TOKYO: The dollar rose against the yen on Monday as trading remained cautious amid speculation about the timing of an end to the massive US stimulus programme.
The US decision to hold off from a military attack on Syria also helped risk appetite and led to selling of the safe-haven Japanese currency, traders said.
The dollar gained to 98.60 yen in afternoon Asian trade from 98.16 late Friday in New York.
The euro bought $1.3200, down from $1.3218, while the single currency was trading at 130.14 yen against 129.82 yen.
US President Barack Obama said over the weekend he would first seek authorisation from Congress before undertaking military action against Damascus. Congress is in recess this week and is not due to reconvene until September 9, making military action unlikely this week.
“With the Syrian risk put off for a week, there’s almost no need to worry about that for the time being,” Hiroshi Maeba, head of FX trading Japan for UBS in Tokyo, told Dow Jones Newswires.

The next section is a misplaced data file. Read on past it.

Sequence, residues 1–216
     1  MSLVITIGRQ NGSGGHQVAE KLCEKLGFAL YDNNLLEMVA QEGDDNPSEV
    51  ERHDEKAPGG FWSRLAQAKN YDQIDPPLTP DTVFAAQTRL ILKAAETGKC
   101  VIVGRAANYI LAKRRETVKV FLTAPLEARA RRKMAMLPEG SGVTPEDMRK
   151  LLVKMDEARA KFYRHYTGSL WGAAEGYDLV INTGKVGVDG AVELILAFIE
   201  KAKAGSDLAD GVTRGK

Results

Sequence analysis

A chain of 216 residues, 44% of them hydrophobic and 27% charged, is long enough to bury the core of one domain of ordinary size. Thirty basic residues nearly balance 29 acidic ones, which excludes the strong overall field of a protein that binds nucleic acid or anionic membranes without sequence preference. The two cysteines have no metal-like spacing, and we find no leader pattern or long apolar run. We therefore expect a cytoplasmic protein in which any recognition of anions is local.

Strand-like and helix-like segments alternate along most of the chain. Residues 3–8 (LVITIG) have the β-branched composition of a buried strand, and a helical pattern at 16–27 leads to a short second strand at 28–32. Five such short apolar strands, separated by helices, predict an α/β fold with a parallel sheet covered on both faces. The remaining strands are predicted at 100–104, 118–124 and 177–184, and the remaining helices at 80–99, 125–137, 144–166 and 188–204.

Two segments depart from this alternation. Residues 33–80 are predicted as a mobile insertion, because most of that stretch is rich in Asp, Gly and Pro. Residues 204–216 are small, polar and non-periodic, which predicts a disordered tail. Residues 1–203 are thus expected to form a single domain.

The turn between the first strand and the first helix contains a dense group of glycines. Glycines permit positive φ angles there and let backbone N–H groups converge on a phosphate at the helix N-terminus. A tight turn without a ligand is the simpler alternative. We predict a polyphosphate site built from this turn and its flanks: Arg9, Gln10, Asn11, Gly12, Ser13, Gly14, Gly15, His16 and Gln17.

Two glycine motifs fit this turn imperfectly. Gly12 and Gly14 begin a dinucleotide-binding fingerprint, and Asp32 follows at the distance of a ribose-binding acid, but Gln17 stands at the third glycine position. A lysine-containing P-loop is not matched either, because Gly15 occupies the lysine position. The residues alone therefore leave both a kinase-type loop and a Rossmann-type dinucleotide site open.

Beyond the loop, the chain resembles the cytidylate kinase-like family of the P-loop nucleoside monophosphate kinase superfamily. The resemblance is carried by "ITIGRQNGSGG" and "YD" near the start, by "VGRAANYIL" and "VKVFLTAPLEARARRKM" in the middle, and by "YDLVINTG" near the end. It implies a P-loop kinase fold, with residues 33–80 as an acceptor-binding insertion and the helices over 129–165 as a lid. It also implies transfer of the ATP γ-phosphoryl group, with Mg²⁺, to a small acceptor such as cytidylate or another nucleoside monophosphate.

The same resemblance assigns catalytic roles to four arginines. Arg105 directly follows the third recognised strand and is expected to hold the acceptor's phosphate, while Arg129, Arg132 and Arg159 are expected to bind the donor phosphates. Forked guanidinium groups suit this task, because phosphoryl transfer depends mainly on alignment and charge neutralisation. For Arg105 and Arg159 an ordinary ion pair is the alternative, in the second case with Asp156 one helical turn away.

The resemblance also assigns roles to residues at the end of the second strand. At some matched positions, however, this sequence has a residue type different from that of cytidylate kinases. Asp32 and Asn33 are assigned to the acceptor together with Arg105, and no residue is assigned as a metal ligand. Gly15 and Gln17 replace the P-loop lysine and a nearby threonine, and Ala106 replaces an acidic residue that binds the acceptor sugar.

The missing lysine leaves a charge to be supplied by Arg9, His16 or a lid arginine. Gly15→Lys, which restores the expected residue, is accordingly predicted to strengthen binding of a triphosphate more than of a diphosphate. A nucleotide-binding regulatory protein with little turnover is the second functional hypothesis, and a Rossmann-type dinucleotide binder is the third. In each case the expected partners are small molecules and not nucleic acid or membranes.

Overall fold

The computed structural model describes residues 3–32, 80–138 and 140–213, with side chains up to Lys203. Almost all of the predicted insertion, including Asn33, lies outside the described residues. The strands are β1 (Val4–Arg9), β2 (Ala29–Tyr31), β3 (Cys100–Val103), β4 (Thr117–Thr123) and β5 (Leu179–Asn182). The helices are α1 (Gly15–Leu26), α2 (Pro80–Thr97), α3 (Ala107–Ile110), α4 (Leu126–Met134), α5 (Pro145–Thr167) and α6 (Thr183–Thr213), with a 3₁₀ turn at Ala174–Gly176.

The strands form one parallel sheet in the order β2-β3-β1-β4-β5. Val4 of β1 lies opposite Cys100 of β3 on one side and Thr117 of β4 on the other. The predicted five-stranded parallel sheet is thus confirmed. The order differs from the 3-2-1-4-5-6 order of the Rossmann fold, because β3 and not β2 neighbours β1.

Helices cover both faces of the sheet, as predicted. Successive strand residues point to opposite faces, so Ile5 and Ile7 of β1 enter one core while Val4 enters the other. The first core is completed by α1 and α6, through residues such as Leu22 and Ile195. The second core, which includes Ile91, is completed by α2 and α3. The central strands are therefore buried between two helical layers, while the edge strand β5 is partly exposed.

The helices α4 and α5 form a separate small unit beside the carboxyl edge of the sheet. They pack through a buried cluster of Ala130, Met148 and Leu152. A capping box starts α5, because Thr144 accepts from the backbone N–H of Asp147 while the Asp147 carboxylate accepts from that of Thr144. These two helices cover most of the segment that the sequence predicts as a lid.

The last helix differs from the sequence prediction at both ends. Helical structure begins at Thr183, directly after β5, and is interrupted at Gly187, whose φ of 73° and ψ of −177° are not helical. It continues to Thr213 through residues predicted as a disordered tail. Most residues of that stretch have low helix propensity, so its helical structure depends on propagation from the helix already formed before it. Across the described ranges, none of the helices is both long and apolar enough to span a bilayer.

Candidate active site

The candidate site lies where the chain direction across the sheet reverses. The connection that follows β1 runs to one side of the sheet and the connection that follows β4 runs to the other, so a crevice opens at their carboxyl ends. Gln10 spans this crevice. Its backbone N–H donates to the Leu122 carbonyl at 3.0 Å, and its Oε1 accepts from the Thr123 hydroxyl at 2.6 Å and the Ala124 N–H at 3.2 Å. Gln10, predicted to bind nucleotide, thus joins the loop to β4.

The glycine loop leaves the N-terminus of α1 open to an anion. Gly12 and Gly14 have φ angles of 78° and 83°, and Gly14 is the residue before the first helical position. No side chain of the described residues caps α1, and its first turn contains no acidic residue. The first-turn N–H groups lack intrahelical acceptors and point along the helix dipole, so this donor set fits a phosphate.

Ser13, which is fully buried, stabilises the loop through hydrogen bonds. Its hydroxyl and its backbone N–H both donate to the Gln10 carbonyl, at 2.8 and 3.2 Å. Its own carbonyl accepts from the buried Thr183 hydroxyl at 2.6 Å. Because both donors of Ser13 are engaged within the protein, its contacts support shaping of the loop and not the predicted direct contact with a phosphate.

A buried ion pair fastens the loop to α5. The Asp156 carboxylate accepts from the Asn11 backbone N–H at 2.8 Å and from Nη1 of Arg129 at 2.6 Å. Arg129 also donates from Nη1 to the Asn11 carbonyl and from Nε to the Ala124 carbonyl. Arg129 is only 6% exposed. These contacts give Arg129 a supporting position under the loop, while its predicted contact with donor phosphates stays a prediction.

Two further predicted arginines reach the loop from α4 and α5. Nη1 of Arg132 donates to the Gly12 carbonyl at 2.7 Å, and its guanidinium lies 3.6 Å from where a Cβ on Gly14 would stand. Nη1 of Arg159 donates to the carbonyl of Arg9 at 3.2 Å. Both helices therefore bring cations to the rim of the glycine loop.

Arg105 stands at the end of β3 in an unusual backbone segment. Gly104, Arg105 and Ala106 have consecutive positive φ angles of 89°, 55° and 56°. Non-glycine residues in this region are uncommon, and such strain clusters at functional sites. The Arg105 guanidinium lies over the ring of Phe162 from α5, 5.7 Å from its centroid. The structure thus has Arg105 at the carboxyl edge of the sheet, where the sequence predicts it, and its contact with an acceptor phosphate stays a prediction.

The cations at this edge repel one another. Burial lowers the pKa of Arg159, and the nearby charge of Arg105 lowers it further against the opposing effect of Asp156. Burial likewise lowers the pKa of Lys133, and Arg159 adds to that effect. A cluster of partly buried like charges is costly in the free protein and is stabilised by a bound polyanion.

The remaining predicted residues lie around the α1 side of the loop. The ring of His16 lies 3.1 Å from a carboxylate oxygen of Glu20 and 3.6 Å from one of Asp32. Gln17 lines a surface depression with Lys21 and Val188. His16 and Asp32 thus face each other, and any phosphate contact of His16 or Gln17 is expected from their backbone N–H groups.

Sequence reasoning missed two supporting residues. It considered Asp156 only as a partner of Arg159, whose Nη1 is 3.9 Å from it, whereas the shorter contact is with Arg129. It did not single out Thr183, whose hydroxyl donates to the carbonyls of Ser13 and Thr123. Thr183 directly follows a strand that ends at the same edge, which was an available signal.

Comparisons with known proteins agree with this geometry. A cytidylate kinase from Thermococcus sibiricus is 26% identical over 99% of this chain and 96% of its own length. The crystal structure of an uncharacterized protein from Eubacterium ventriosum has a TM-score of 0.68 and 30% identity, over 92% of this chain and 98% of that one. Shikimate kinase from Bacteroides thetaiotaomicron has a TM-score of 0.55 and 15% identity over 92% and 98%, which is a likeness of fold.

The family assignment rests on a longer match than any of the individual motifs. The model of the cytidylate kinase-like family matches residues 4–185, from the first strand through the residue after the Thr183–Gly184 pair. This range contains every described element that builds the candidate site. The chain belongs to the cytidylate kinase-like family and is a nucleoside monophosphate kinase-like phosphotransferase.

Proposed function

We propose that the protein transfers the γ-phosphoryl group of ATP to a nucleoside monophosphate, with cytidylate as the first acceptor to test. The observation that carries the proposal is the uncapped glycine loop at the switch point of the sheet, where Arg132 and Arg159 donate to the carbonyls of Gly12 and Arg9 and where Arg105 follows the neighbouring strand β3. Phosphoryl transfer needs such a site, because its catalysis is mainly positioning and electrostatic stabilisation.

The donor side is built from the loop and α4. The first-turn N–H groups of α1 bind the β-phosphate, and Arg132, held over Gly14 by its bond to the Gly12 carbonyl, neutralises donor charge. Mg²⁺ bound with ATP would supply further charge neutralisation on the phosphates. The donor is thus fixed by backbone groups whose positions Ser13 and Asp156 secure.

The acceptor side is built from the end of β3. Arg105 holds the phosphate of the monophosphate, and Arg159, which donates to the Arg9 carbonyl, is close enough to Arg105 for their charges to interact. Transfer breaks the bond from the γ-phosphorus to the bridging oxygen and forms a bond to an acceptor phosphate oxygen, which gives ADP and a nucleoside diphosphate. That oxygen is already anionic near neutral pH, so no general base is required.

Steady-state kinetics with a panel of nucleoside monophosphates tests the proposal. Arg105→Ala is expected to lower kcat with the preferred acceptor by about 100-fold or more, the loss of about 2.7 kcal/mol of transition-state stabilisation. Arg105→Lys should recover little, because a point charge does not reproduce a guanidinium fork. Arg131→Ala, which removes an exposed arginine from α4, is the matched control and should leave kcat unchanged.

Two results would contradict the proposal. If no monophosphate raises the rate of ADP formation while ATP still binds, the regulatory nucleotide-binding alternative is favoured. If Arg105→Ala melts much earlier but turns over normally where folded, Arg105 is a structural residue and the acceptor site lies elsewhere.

Daisuke Karakama, market economist at Mizuho Bank’s forex division, said: “The market is paying more attention to US economic indicators than Syria.
“Especially, the market is focusing on US jobless figures to be released on Friday, ahead of the upcoming FOMC meeting.”
US consumer spending sputtered in July amid weak income growth, according to Commerce Department data released Friday.
The new data cast a cloud over speculation that the Federal Reserve will begin to reduce its $85 billion-a-month bond-buying programme this year.
Concerns about the strength of the major economic indicators in the third quarter could convince the Fed to delay the move, which could come as soon as its September 17-18 monetary policy meeting.
Currencies in emerging Asia, which had plunged recently on expectations of a taper of the US programme and risk aversion over possible military strike on Syria, were mostly higher.
The Indian rupee, which last week hit a new low in the 69 to the dollar range, was at 65.78 Monday afternoon, an improvement on 66.72 on Friday.
The Indonesian rupiah edged down to 10,943 to the greenback from 10,920, signalling investor confidence in the rupiah was still sorely lacking in spite of an economic policy package released by the government last week.
The dollar sagged to 1,101.15 South Korean won from 1,109.25 won, to Sg$1.2737 from Sg$1.2757 and to 44.19 Philippine peso from 44.63 peso, and to Tw$29.77 from Tw$29.92. The dollar held steady at 32.11 Thai baht.
The Australian dollar rose to 89.68 US cents from 89.38 and the Chinese yuan rose to 16.10 yen from 16.06 yen.